Let’s look at the facts: 80 percent of workplace bullying targets are women (Workplace Bullying Institute (WBI)). Compare those numbers to other issues we generally see as women’s issues:
- Sexual harassment: 79 percent were targets of sexual harassment are women (Association of Women for Action and Research (AWARE)).
- Domestic violence: 85 percent of targets of domestic violence (physical, financial, and/or emotional abuse) are women (Huffington Post).
So what’s the answer?
The simply answer is no. Men can be targets of workplace bullying just as they can be targets of sexual harassment and domestic violence.
But the facts are too hard to ignore: women take the overwhelming majority of the brunt of these abuses. While we don’t have research to support why women are more than twice as likely to bear the brunt of workplace bullying, we can make some educated guesses as to why it’s the case:
- We value masculine over feminine. Competition over cooperation. Capitalism breeds competition, a trait we associate with masculinity. Yet studies repeatedly show that it’s cooperation, not competition in the workplace, that increases a bottom line. Even if a female boss is the perpetrator of abuse, she’s abusing under a masculine, competitive culture.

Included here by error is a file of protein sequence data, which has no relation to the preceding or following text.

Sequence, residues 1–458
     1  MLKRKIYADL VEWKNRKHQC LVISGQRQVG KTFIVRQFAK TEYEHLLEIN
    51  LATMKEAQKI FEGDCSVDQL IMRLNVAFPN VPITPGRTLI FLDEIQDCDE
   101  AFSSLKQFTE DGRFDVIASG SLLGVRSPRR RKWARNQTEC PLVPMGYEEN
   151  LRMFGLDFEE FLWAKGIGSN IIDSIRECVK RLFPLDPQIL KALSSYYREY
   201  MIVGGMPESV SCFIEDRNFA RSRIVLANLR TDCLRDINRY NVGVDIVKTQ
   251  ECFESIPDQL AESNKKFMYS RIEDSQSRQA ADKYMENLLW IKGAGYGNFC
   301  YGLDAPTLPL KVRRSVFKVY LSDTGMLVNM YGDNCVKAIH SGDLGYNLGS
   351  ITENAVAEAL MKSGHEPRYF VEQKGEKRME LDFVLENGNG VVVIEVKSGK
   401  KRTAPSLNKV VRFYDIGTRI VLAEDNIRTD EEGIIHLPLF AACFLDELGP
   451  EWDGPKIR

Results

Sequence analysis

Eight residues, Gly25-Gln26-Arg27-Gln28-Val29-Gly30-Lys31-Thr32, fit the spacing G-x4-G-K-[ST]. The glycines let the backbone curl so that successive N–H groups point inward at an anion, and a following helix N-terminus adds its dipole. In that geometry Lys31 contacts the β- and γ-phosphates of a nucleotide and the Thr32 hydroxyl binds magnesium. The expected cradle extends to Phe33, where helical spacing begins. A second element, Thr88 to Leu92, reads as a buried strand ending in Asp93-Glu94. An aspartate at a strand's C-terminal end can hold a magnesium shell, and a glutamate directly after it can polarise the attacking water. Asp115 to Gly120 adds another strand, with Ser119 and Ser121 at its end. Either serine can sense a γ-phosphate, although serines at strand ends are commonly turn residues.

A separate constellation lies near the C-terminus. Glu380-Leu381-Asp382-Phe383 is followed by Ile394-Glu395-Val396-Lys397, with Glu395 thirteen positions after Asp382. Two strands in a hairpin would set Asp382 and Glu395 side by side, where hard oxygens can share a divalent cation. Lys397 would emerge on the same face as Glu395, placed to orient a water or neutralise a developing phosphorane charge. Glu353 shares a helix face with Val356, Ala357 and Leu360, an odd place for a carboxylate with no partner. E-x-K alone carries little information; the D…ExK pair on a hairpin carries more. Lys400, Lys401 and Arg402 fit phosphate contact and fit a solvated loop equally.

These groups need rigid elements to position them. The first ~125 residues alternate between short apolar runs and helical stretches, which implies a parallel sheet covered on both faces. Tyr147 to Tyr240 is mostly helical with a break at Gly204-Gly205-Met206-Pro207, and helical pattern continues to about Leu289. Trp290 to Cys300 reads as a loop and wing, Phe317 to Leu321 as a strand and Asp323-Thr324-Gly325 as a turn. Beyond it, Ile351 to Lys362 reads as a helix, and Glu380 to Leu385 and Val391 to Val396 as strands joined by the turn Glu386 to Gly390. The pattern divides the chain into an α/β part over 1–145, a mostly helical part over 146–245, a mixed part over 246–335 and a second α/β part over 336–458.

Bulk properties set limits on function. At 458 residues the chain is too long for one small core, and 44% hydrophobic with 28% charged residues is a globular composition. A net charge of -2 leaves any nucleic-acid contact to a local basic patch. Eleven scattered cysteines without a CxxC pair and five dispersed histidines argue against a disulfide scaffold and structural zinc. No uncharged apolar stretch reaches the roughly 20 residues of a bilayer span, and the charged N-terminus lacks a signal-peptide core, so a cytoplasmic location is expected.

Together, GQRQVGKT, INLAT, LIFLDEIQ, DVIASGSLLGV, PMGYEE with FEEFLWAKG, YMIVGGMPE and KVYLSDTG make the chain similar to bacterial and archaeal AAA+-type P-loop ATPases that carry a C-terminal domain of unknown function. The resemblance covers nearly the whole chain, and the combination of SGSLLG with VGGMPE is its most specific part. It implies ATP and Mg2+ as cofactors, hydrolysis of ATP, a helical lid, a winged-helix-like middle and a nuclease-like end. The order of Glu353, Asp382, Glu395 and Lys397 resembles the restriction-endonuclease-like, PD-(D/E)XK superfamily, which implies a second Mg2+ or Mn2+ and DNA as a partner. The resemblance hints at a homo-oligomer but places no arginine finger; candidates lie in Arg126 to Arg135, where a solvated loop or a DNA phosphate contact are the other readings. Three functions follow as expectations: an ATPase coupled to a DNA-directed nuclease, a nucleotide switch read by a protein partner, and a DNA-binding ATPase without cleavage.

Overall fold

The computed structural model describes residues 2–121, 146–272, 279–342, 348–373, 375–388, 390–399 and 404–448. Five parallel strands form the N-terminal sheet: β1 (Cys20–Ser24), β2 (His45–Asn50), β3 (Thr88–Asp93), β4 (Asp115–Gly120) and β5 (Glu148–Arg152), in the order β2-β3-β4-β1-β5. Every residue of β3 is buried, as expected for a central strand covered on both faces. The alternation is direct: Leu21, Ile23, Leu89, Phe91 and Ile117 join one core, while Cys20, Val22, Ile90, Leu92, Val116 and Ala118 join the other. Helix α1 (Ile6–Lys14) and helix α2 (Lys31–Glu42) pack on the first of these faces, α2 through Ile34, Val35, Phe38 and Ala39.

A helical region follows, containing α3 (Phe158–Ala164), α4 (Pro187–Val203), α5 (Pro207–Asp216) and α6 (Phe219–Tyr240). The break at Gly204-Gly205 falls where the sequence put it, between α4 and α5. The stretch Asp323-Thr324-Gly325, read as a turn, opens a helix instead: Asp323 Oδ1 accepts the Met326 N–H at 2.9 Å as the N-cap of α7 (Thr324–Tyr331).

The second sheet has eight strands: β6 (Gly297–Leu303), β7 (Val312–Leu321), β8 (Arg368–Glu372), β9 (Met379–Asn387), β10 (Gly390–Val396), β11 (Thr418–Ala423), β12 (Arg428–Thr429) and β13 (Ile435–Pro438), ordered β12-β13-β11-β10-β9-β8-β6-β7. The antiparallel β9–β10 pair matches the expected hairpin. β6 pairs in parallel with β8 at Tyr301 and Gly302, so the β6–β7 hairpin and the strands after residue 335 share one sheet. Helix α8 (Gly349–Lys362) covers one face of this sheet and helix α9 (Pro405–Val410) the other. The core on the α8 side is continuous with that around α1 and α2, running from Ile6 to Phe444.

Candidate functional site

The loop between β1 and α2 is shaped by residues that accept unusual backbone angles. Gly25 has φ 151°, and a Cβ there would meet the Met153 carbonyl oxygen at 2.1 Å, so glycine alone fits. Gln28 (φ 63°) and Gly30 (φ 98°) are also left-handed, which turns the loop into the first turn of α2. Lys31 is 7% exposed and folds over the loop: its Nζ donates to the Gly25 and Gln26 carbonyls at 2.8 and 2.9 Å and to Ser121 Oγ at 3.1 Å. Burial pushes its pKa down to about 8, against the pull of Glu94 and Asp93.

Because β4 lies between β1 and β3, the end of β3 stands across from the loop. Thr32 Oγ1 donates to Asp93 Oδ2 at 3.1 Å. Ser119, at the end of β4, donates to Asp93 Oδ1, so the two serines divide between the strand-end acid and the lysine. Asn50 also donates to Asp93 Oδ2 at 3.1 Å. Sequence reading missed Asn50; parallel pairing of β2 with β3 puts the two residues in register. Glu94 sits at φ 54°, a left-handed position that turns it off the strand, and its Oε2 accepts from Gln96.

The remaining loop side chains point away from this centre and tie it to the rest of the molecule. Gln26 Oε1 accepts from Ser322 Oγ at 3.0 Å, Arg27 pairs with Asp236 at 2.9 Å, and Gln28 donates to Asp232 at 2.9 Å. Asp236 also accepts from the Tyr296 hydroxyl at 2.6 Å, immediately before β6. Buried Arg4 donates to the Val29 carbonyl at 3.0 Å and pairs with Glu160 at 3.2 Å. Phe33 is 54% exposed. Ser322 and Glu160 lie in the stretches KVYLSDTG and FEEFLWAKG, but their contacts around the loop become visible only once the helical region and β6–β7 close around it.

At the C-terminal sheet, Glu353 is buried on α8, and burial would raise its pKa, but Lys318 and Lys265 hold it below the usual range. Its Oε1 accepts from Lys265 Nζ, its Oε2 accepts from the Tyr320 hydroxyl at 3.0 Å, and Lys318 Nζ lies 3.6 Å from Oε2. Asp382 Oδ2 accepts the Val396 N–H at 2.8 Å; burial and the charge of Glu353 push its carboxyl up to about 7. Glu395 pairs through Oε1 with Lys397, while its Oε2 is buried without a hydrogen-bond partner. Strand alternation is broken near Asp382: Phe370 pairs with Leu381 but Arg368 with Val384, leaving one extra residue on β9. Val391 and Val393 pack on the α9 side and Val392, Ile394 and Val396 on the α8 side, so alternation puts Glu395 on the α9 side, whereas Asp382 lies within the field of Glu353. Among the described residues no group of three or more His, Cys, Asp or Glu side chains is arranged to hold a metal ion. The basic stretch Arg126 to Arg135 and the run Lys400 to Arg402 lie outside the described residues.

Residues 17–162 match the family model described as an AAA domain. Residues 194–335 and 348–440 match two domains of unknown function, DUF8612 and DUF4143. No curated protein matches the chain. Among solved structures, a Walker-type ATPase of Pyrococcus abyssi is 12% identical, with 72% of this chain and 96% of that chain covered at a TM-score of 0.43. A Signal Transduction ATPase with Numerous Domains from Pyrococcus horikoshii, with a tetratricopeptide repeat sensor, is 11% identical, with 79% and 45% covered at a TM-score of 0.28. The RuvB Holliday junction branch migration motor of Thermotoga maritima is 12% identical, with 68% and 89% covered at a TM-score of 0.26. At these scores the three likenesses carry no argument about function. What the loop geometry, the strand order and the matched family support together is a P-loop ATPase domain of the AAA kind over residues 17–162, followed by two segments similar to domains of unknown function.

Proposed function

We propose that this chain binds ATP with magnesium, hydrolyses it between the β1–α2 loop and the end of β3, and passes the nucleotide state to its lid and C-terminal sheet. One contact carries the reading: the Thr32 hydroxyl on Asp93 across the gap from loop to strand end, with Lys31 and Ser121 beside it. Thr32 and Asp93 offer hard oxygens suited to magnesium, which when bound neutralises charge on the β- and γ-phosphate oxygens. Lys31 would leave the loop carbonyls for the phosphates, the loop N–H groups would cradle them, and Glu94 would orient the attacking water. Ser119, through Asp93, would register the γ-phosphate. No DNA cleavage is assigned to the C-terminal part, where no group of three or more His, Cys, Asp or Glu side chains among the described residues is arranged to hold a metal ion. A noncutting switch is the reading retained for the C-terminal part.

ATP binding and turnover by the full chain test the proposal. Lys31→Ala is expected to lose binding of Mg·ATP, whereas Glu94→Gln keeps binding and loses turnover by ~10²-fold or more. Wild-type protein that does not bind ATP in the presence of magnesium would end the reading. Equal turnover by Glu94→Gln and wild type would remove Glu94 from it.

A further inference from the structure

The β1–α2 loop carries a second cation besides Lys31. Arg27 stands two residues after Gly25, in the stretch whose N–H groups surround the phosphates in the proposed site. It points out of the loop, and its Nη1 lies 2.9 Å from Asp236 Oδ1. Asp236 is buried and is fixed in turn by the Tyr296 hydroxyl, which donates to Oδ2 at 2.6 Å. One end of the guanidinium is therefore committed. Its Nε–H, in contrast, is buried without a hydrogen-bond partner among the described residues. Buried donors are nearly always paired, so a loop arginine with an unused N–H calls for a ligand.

- Men hold the power in the workplace. If anyone has power to abuse, it’s men. “Women are only 14.6 percent of executive officers, 8.1 percent of top earners, and 4.6 percent of Fortune 500 CEOs,” reported the Center for American Progress in 2014. It’s men who are most often creating the workplace culture from the top down.
- Men may feel more entitled to power and may not be aware of how they exhibit this entitlement. Perhaps because men more commonly have power positions, men feel more entitled to power. Anecdotally, I’ve been taken aback by male colleagues who claim to support healthy workplaces yet also grab power by saying “we’ve let you…” or “don’t do this…” instead of “what do you think of…?” In other words, they don’t see our roles of equal value, they feel entitled to dictate, and they don’t work collaboratively.
How we change the gender dynamics
History shows that it’s often not until the privileged speak up that norms change. Take civil rights or same sex marriage. First, the violated group speaks up through grassroots efforts. Eventually, the subjects become household topics.
The New York Times author Irin Carmon addresses this issue along gender lines specifically. In her article “What Women Really Think of Men,” a piece about not letting men off the hook for not recognizing women’s equal humanity, she uses the phrase “the soft bigotry of low expectations” to describe “just dealing” with the status quo. “Men taking responsibility, even retrospectively, is what it’s going to take for us to believe another world is possible,” she says.